Legislation Affecting Long Term Care & Aging
July 02, 2018
The latest installation in our series on legislation recently passed by the New York State Legislature (introduced here) addresses legislation in the long term care and aging space. It follows upon descriptions of legislation in the pharmacy space (here) and hospital space (here). Like those areas, the long term care area was impacted by the same political turmoil that limited the number of bills passed – but some significant legislation was enacted nonetheless.
One of the more interesting aspects of the long term care and aging space is that it tends to be comprised of two very different regulatory regimes. The first, primarily overseen by the Department of Health (DOH), regulates licensed long term healthcare providers like nursing homes, assisted living residences, home care and others. The second, overseen by the State Office for the Aging (SOFA), focuses on the elderly more generally. Sometimes, it can seem like these two agencies occupy two entirely different worlds; other times, they coordinate comprehensively and effectively. Bills passed this year by the Legislature affect both agencies.
Except where otherwise indicated, these bills all await action by the Governor.
Assisted Living Programs and Hospice (A10459-A by Assemblymember Lupardo/S8353-A by Senator Hannon): Continuing the State’s recent focus on expansion of assisted living program services (see our post on long term care provisions in the State Budget, here), this bill would allow hospice services to be delivered to individuals residing in assisted living programs. Current Medicaid policy does not allow the delivery of hospice services in an assisted living program, requiring many residents to transfer to a nursing home in their last few weeks of life, compounding the issues they already face at the end of their lives.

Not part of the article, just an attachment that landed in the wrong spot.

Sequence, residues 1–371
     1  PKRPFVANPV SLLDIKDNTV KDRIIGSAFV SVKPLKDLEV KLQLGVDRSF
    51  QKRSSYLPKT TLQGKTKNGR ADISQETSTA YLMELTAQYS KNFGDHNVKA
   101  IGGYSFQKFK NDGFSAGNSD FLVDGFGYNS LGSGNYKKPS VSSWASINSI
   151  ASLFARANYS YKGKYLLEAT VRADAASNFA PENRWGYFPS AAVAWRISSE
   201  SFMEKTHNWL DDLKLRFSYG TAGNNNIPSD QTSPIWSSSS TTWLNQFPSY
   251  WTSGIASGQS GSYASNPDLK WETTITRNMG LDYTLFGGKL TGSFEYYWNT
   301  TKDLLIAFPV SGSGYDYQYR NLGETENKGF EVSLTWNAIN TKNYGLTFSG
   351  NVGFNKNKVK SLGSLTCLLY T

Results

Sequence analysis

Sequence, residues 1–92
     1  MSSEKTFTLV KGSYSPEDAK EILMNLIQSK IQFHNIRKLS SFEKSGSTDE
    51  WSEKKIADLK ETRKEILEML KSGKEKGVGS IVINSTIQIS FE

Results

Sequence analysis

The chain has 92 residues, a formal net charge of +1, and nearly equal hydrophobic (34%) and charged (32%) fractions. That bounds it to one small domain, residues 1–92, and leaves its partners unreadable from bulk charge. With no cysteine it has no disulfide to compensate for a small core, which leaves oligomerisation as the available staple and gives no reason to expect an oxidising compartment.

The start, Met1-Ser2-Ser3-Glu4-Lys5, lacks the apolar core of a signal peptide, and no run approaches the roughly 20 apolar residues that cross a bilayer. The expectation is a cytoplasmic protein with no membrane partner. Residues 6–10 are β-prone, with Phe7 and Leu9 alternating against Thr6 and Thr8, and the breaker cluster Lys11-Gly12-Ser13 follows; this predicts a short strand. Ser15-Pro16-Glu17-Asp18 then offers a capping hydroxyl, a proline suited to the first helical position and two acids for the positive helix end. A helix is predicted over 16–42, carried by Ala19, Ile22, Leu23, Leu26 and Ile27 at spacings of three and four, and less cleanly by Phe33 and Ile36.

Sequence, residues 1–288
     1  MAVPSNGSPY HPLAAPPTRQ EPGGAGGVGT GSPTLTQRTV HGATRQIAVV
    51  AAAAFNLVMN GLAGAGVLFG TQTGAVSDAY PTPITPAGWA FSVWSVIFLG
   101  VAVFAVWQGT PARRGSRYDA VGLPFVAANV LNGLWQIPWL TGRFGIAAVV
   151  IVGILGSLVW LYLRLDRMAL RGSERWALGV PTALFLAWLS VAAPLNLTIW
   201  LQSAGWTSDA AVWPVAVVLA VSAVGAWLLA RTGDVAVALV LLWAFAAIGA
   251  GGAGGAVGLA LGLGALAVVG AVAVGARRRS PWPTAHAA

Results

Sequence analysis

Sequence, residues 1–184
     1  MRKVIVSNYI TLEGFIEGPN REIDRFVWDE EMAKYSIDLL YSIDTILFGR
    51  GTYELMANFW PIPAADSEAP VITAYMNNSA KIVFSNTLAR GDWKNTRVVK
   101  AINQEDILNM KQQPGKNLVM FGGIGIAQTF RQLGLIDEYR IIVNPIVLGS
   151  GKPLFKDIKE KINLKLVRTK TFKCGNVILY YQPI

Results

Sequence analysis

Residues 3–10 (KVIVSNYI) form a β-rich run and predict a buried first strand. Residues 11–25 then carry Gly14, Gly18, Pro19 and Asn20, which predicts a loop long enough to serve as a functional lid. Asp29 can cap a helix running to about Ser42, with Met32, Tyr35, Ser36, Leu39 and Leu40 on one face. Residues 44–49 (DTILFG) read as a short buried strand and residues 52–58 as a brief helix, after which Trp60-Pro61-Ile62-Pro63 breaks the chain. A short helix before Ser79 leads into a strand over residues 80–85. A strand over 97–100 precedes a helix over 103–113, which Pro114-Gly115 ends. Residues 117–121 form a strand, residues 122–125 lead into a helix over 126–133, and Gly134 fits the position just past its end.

Adult Care Facility Temporary Operators (A8159 by Assemblymember Wright/S766 by Senator Stewart-Cousins): This bill would require the DOH to provide written notice when a temporary operator is appointed at any adult home, enriched housing program, residence for adults or assisted living program. Temporary operators are entities appointed by DOH to operate a facility where an operator’s license has been suspended.
Deaths in Adult Care Facilities (A9034 by Assemblyman Gottfried/S7282 by Senator Alcantara): This bill is a chapter amendment (see discussion of chapter amendments in our introductory post here) to Chapter 459 of the Laws of 2017, which added enriched housing programs to the list of adult care facilities that must report the death or attempted suicide of a resident or any felony committed against a resident to DOH, and to the Justice Center for the Protection of People with Special Needs, if they are receiving mental hygiene services. That bill also reduced the time within which facilities must make such a report from 48 to 24 hours. This bill eliminates the statutory time period in which a report must be made. The bill was signed by the Governor on June 1, 2018.